Adrenal Supplement

Started this as a simple question and on writing it down it morphed into a bit of a muddled offload. If you could persevere I would be eternally grateful.

Here’s the question: Does anyone have any experience of “Adrenal Gland Concentrate” described in the brochure of the company as “a high potency adrenal glandular supplement to help support adrenal function”? I think that I am struggling a bit with the fact that the tablets contain adrenal concentrate from a bovine source. (Please note that it is sourced from a reputable company and have been recommended by a BANT-registered nutritionist.)

Background (WARNING – if in a hurry I don’t advise getting embroiled in this background): Had my adrenal function tested last summer 2012 (24-hour salivary cortisol and DHEA) PRIOR to being diagnosed with hypothyroidism in January 2013. (I have been struggling with my health increasingly for about 12 years and after being refused blood tests by my GP last June, even though I was once again feeling dreadful, I turned to a local nutritionist.) The cortisol levels came back within range but the DHEA levels all came back low - "out of range" and the diagnosis was "pre-exhaustion or pre-adrenal fatigue". Through the nutritionist I started to take a magnesium supplement, some 7-ketozyme and high concentrate fish oil tablets, as well as something to boost my iron levels which I was taking through Autumn. Although I was as yet undiagnosed thyroid/anaemia….and the rest-wise, I did feel a bit of improvement. It all kicked off health-wise about Christmas, I had broken another bone and asked for a bone density scan (“Why do you want that?” – guess who!). It came back that I had osteoporosis, and follow up blood tests revealed anaemia/neutropenia and hypothyroidism.

At my first haematologist appointment (Jan 2013) I was asked to stop taking the supplements and just take the Ferrous Sulphate tablets prescribed daily (as well as the meds for thyroid and osteoporosis). The anaemia is much improved and at my most recent haematologist appointment was congratulated on much improved readings though Ferritin is still low (24). That was early May. I have been continuing with 2 x Ferrous Sulphate tablets daily taken with Vit C, and keeping it well clear of the calcium, in the meantime.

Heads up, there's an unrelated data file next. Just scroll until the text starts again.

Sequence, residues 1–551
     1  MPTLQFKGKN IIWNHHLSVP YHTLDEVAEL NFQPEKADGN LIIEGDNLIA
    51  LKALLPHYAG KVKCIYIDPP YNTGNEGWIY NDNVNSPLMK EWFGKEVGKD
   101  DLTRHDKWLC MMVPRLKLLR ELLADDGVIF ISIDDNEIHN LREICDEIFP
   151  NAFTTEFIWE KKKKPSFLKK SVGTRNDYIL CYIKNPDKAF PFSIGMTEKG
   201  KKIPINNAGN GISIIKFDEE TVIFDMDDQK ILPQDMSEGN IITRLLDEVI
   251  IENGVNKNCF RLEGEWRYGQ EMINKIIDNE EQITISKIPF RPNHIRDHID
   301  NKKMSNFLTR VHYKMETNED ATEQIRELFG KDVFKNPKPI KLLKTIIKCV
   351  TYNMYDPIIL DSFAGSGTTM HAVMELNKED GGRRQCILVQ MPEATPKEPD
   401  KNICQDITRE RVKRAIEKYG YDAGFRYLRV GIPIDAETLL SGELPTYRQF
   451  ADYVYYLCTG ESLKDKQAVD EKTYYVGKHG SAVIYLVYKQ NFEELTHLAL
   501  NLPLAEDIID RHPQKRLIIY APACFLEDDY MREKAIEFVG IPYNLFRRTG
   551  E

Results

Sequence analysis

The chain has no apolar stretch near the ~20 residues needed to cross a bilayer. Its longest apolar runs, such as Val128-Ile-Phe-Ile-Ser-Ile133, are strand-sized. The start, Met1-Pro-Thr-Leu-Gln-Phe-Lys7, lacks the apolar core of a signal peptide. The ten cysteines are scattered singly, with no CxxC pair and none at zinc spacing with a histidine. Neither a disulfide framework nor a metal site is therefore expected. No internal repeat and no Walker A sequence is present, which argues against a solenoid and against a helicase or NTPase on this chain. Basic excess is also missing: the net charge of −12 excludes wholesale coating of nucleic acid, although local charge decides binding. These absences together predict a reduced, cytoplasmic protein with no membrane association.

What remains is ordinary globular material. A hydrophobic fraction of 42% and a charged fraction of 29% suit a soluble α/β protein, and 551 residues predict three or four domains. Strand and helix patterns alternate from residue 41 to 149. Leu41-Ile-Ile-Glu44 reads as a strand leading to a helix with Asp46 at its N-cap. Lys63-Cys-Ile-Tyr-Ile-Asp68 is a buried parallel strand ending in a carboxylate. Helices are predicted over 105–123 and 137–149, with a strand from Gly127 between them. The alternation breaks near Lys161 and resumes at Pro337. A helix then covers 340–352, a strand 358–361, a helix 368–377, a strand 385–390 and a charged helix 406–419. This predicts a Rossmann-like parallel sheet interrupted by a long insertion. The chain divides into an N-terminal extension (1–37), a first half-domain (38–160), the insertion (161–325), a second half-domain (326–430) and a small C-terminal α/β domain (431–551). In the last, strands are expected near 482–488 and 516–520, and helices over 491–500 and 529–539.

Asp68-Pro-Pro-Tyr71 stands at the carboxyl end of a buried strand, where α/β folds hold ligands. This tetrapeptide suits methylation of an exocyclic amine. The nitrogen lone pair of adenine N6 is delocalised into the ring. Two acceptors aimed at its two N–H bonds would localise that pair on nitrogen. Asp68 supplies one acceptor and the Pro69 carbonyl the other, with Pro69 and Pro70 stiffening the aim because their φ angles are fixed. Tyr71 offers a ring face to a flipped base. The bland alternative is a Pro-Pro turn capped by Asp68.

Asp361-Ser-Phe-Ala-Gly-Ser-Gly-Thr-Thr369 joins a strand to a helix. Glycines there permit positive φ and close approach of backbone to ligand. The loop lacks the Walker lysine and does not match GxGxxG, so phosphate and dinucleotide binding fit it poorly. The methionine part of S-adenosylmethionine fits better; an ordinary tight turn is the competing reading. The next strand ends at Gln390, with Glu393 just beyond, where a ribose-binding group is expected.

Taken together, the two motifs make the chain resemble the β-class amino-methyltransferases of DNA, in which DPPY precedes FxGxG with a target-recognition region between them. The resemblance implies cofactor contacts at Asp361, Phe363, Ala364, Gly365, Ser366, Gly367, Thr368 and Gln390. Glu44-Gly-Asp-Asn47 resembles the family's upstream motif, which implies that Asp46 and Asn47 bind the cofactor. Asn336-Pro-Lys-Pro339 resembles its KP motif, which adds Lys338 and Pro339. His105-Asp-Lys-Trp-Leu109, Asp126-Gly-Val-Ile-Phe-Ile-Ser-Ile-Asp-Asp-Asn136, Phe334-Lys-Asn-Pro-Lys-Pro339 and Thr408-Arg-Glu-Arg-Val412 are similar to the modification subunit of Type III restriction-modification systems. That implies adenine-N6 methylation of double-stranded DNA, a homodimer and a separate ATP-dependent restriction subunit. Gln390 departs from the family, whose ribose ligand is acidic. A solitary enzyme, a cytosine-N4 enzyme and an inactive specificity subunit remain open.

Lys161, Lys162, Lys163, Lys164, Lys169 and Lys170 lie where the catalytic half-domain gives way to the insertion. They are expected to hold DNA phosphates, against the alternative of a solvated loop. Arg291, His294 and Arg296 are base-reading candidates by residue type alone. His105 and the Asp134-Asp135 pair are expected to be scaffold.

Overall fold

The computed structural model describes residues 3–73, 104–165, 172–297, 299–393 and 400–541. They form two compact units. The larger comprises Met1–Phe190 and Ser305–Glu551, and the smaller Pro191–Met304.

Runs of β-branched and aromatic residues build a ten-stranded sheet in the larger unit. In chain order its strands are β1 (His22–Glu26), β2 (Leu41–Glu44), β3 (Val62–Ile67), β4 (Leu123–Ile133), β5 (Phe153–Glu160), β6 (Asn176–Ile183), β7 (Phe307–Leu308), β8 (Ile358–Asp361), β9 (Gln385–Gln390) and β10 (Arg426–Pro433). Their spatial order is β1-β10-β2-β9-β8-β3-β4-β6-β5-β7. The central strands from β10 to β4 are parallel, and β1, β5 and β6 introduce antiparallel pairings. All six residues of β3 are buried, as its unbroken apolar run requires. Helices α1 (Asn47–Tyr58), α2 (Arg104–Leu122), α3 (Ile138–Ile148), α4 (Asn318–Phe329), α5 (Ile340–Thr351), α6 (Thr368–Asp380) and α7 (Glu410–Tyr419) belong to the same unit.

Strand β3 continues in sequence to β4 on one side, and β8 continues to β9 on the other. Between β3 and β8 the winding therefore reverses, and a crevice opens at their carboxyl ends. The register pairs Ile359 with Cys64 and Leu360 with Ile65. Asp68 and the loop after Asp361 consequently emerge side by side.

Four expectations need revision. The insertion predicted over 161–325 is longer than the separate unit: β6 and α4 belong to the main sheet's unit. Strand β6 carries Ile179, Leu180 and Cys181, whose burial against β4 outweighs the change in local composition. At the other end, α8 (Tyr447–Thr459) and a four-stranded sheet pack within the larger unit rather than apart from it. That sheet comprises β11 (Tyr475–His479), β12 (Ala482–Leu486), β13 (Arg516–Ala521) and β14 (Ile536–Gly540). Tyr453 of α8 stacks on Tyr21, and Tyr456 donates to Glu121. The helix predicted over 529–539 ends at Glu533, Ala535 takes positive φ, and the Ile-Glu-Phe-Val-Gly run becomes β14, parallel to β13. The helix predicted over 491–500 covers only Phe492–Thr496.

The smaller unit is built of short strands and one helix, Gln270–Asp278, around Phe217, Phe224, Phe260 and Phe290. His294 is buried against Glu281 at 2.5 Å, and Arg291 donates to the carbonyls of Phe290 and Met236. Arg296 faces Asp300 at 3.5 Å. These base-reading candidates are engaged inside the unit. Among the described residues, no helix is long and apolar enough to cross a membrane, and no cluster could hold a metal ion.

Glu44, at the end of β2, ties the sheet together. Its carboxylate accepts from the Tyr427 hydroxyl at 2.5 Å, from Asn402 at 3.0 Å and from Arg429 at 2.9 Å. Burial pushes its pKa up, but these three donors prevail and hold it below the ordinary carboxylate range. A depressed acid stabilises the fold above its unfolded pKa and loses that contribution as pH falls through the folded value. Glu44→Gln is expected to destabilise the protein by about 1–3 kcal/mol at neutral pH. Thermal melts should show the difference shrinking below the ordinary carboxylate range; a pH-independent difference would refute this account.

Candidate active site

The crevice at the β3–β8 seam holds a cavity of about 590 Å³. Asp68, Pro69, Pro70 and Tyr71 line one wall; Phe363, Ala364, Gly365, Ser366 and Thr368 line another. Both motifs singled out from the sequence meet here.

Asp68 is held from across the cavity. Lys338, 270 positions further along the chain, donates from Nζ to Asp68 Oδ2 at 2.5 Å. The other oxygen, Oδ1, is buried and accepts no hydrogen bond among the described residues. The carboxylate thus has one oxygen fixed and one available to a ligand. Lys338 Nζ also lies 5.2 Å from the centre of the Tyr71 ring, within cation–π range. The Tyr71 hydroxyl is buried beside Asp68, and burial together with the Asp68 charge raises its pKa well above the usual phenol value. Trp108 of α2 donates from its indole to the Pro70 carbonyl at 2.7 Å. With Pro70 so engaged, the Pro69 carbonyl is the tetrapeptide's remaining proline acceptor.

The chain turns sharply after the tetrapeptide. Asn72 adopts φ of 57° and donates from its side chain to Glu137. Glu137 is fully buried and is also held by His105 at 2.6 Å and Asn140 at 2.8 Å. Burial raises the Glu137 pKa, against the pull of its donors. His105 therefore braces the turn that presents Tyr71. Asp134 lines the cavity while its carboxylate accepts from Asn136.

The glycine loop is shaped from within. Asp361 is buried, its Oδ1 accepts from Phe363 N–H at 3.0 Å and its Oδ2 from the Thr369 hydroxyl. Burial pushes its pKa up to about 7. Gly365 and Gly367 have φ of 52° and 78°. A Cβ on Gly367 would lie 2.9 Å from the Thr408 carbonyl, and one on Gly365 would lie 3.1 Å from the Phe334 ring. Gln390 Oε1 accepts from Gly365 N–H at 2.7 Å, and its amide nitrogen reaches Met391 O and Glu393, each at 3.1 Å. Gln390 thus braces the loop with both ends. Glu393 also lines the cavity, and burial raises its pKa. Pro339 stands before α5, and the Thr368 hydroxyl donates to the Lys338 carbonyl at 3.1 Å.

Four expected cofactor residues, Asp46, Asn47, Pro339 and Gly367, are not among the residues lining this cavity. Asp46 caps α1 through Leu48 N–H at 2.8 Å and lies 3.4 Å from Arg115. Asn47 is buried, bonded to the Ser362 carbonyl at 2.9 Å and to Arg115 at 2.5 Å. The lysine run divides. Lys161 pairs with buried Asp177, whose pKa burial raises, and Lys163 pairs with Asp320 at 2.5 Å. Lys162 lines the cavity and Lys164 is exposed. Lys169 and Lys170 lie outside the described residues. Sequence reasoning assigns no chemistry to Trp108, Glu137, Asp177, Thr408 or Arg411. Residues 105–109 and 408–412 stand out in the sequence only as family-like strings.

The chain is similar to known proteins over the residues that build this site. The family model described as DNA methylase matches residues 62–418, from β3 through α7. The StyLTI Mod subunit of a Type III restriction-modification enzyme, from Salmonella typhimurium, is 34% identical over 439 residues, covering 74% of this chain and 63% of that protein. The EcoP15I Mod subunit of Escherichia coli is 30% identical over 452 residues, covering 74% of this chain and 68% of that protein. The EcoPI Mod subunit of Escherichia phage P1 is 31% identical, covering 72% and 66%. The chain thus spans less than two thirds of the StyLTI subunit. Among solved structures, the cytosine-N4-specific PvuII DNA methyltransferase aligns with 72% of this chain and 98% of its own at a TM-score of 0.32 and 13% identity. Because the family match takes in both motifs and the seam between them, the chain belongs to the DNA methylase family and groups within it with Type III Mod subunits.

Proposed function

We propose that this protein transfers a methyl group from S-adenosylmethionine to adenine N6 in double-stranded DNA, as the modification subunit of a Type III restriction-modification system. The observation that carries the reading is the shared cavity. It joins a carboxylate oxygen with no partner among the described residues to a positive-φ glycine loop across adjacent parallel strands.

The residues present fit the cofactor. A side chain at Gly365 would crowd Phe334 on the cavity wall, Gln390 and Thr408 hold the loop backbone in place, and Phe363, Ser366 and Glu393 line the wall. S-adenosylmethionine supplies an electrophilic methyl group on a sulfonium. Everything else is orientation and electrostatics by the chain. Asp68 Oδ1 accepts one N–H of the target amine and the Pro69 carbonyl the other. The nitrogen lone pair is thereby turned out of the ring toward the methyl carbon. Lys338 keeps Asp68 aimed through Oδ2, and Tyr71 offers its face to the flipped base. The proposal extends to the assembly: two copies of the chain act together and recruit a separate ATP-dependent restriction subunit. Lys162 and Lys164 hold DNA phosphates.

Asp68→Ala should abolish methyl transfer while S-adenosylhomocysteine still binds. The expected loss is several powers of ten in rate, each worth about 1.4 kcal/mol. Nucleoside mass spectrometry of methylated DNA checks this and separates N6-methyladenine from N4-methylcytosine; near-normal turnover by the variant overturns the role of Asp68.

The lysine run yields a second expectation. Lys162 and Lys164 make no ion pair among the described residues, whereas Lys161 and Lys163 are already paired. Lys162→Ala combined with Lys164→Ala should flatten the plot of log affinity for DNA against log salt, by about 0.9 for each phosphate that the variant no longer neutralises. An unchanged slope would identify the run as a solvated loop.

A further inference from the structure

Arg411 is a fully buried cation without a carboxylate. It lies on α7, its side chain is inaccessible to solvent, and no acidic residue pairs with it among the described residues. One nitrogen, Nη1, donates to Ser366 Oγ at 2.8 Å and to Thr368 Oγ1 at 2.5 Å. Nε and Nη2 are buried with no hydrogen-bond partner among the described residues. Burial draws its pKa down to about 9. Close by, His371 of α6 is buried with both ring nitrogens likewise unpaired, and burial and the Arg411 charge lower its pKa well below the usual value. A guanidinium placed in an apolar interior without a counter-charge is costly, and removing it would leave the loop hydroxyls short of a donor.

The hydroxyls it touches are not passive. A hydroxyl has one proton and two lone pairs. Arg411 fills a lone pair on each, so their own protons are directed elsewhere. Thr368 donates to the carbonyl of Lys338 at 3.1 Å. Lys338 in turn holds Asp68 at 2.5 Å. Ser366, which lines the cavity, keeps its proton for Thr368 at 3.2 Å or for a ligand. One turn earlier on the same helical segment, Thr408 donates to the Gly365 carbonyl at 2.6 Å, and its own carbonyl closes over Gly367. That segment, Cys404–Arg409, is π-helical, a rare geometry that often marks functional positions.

My GP has reached a point whereby (I think?) she considers my thyroid is sorted. My latest test results (April 2013) were TSH 1.87 and T4 13.4. Checking around this seems to be within range. My hypothyroidism is caused by antibodies which were 135 in Dec 2012 and 79 in April (should be below 59?) Don’t have any other information thyroid-wise as it took me two visits to the GP to get this (the first time since I had seen her since diagnosis in January???!!!!). She bit my head off when I asked about T3 and I was told that unless I am a trained professional I won’t be able to understand this information. (My existence is severely compromised by my physical health. After both appointments I walked home weeping with frustration.)

Still suffering a lot of the symptoms from pre-diagnosis. Have got to the point where I am thinking it must be my adrenals. (Just a reminder for those who have persevered– haven’t been taking those since January.)

But nervous……. and overwhelmed, hence I think just wanting a bit of re-assurance about the bovine adrenal gland supplement.

Any advice gratefully received.

14 Replies

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  • I am sorry you are having a rough time. You don't state the ranges of your blood tests which would help others to comment but I will say that your TSH should be 1 or below. Most GP's only know about referring to the TSH and not recognising clinical symptoms which I think you have. (I am not medically qualified).

    Are you taking your thyroid gland hormone with 1 glass of water 1/2 to 1 hour before breakfast. Some find they feel better when they take it at bedtime, leaving 2 hours gap after eating. When having a blood test, early a.m. is better and don't take your meds until after your blood test. Always get copies of your blood test complete with the ranges.

    If you get the booklet from Amazon which has been recommended by quite a few on this forum and discuss the point (one which you think refers to you) with your GP. I haven't read this myself but this is an excerpt from an article in Pulse Online. Although I don't agree with some of his comments, this is acceptable. If you want a copy of the whole article for your GP to gain knowledge, email louise.warvill@thyroiduk.org. I would send whichever you decide to your GP beforehand, so that she has time to read and absorb as they don't have time whilst consulting.